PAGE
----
teenagers at school

3. Encouraging taking risks and giving value to failure

Repressing children or teenagers for not obtaining expected results isn’t beneficial at all. On the contrary, failure is very important because it’s what helps us learn and do better next time. 

This isn’t something easy to do since many parents are afraid of jeopardizing their children’s self-esteem, which leads to overprotective parents who don’t want to tell their children when they’ve made mistakes.

In fact, many parents don’t even let their children make mistakes – they’re so afraid of it, they end up helping their children way too much and doing all their work for them.

These schools give value to students’ effort. They take trial and error into consideration.

That’s why instead of being against making mistakes, they encourage students to be creative and give things a try. After all, if something doesn’t go the way they planned, they can learn from it and try again.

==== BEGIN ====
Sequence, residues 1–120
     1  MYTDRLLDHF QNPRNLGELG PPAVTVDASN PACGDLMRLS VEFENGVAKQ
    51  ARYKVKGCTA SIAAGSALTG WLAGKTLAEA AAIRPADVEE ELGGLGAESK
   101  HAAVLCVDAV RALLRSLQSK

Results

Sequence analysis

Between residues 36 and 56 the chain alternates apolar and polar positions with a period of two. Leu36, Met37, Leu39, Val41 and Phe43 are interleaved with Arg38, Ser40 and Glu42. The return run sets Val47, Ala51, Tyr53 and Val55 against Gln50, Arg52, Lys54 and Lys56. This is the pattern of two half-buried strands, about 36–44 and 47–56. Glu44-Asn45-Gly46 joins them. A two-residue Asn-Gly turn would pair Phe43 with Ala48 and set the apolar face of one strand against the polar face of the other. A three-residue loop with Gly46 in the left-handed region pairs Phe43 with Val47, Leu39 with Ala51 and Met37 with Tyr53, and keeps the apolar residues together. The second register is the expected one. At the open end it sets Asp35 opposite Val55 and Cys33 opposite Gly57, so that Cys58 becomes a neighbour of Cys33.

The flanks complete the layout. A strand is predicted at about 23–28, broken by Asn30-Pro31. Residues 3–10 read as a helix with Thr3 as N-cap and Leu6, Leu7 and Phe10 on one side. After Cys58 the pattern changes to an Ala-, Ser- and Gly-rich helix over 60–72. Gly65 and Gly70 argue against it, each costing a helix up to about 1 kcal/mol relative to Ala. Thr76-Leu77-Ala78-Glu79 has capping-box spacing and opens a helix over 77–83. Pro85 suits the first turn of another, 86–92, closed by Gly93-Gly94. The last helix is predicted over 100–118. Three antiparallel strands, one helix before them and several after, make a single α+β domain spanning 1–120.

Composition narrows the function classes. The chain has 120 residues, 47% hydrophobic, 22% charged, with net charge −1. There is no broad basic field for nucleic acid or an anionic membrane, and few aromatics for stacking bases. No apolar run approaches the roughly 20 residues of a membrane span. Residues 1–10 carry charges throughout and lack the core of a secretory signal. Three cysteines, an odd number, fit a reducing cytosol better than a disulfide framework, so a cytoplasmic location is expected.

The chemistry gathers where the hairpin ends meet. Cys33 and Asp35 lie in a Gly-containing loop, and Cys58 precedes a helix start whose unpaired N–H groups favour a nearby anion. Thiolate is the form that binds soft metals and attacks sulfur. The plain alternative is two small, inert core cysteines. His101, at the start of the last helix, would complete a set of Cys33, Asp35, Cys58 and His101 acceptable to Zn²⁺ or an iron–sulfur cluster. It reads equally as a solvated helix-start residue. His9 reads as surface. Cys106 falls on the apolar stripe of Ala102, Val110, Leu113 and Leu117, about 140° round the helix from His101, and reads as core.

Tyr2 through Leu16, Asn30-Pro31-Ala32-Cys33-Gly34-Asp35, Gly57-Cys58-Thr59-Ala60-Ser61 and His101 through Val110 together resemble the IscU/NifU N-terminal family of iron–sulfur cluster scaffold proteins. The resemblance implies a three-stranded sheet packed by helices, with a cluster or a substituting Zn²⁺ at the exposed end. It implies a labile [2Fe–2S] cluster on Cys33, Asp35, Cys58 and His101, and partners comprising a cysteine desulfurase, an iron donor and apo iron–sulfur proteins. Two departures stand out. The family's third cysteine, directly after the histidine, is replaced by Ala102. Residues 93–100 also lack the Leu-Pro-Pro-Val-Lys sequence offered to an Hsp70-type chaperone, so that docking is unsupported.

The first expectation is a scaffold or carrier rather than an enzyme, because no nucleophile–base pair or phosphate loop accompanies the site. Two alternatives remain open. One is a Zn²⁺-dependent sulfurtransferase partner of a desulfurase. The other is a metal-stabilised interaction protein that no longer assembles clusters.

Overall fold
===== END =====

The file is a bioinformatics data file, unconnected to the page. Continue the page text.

4. Students aren’t passive consumers

In fact, highly creative schools encourage the opposite of this. They don’t want students to be bombarded with information, numbers, and dates. They know that’s not the best way to learn and that they’re just going to end up overwhelmed and frustrated.

Instead of transmitting information in a vertical way, modern schools try to build knowledge through researching. They prefer for activities to be collective and proactive. That’s why their usual terms are LBD (Learn by doing) and PBL (Project-based learning).

5. They have intrinsic incentives for learning

Traditional education has a very “primitive” method to reward students’ good results. What we mean by this is that it’s always been the same.

They’ve never really changed the way they motivate students to keep getting better. These methods are grades, awards, and scholarships.

On the contrary, this new institutional model favors the education that it gives through the students’ motivation.